temperature

Exploring the Possibility of Florida-Grown Coffee

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ripe grapefruit

Researchers are exploring the potential of coffee growth in areas currently suitable for citrus growth.

For centuries, coffee has been grown between two somewhat arbitrary lines above and below the equator. The stretch between roughly the 23.43°S and 23.43°N parallels — also known as tropics of Capricorn and Cancer, respectively — is also often referred to as the “coffee belt.”

Countries with large swaths of land within this boundary — Brazil, Colombia, Ethiopia and Vietnam, and dozens more — have historically dominated the production of coffee that then travels to points farther north or south for consumption.

Yet what happens when we consider the artificial nature of these boundaries? Is it possible to grow coffee outside of these latitudinal restraints?

The short answer is yes. With reasonable conditions, a coffee plant could grow inside a home anywhere in the world. In one extreme example of how coffee growth in controlled conditions is feasible, South Korea’s Paldang Coffee Farm has maintained some 800 coffee plants for more than a decade within greenhouses at roughly the 37°N parallel.

Yet commercial coffee production continues to take place almost exclusively within the coffee belt, where consistently better conditions for temperature, light and rainfall promote proper development of fruitful coffee plants.

coffee plants

Coffee growing in Brazil. Photo by Jonas Ferraresso.

Thus, it may not be advisable to grow coffee in the potato fields of England. But what if we step outside these lines just a little bit? An increasing number of groups have been exploring this question — particularly with an eye on commercial cultivation — and some answers are to beginning to emerge.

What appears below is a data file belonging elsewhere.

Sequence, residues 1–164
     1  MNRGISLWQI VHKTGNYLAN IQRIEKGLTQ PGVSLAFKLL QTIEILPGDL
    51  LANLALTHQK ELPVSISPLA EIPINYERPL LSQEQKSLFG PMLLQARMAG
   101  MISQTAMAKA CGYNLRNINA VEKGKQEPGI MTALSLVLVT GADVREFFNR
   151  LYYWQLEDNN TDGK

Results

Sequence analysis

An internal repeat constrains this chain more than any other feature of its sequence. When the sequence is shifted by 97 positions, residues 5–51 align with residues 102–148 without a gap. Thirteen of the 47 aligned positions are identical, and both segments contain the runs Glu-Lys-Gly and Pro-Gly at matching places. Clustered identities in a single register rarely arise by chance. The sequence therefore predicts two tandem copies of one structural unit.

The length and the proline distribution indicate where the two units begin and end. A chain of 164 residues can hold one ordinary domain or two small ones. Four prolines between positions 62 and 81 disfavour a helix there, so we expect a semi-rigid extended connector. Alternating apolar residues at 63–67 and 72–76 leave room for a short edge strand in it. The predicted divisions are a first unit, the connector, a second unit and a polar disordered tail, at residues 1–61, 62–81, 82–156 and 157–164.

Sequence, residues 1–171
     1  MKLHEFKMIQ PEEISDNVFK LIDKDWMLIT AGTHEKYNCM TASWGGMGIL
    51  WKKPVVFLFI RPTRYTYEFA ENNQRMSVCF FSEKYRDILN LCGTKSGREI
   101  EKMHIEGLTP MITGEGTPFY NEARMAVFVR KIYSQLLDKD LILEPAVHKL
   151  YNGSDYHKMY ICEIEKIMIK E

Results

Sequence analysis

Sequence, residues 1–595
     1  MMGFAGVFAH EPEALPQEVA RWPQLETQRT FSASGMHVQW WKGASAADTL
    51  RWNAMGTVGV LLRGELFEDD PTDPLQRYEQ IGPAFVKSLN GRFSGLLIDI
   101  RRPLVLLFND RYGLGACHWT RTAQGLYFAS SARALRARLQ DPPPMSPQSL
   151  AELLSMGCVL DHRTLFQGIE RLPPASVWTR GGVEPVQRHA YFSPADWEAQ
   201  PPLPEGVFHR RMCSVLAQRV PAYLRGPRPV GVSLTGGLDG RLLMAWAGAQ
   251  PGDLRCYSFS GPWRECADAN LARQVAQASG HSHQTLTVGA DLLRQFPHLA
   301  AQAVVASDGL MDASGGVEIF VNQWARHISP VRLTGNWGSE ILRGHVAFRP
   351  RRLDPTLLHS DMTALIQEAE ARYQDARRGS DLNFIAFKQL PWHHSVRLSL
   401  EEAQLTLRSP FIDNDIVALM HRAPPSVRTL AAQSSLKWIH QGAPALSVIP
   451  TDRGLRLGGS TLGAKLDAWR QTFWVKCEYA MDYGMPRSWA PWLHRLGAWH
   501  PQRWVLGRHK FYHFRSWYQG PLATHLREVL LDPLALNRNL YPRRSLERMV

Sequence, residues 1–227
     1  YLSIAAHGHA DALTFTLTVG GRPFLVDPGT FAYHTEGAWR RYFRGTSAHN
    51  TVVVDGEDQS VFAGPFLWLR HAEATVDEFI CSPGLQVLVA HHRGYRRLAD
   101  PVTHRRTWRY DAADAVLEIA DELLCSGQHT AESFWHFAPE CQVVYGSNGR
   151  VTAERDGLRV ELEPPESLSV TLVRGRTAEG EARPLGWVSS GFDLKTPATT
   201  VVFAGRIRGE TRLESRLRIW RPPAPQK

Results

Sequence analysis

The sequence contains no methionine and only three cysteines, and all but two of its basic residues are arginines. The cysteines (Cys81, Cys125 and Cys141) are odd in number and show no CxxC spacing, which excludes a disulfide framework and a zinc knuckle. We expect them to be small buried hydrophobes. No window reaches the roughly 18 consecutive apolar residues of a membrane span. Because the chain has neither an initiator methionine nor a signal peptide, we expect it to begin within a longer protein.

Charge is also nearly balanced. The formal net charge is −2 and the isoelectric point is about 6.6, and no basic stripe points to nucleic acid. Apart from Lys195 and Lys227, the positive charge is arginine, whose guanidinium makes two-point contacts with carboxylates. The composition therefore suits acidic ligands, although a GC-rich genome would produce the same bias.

Coffee Fields in the United States

Growing coffee in the U.S. is not new. Hawaii has been harvesting berries for more than a century at roughly the 19°N parallel within the coffee belt, finding broad commercial success along the way.

A more recent example of coffee cultivation has been taking place in California over the past decade, where the private group Frinj Coffee has been leading a network network of farmers and finding encouraging results regarding quantity.

This has taken place in the hills near Santa Barbara at roughly the 34°N parallel, where there is about 17.7 inches (450 millimeters) of annual rain and periods of low temperatures from November to April. Such conditions and associated costs are likely to challenge cultivation on a large scale.

One more interesting coffee cultivation destination has recently emerged from the continental United States, at a point that’s even closer to the coffee belt at about the 28°N parallel: Florida.

Understanding the Needs of the Coffee Tree

Worldwide, the two main coffee species cultivated for commercial consumption are Coffea canephora (robusta) and Coffea arabica (arabica). With robusta preferring hot and wet climates and arabica favoring milder climates, arabica tends to be the focus when cultivation is considered outside the coffee belt — i.e. farther away from the equator.

Originating in the mountains and forests of Ethiopia, the arabica species is cultivated in dozens of countries. Over the years, hundreds of varieties of this plant have emerged through the hands of breeders, farmers or by nature itself.

Each variety has some unique characteristics such as size, productivity, resistance to drought, nutritional needs, resistance to pests and diseases, resistance to low temperatures, quality, and more. Some of the best-known varieties are Caturra, Bourbon, Gesha, etc.

Here I’d like to explore some basic components of arabica cultivation and how it might look in or alongside the citrus groves. Keep in mind, variability is to be expected here, especially given the unique conditions of the Sunshine State:

ripe oranges

ripe oranges

Sunlight: Arabica coffee grows well in shade conditions, although it likes to receive at least 6 hours of light per day, and up to 11-14 for maximum production. That would be feasible in most of Florida, where there is roughly 9 hours of sunshine in December and 15 hours in June. Technologies such as intercropping could filter light and assist farming if the sun is too intense.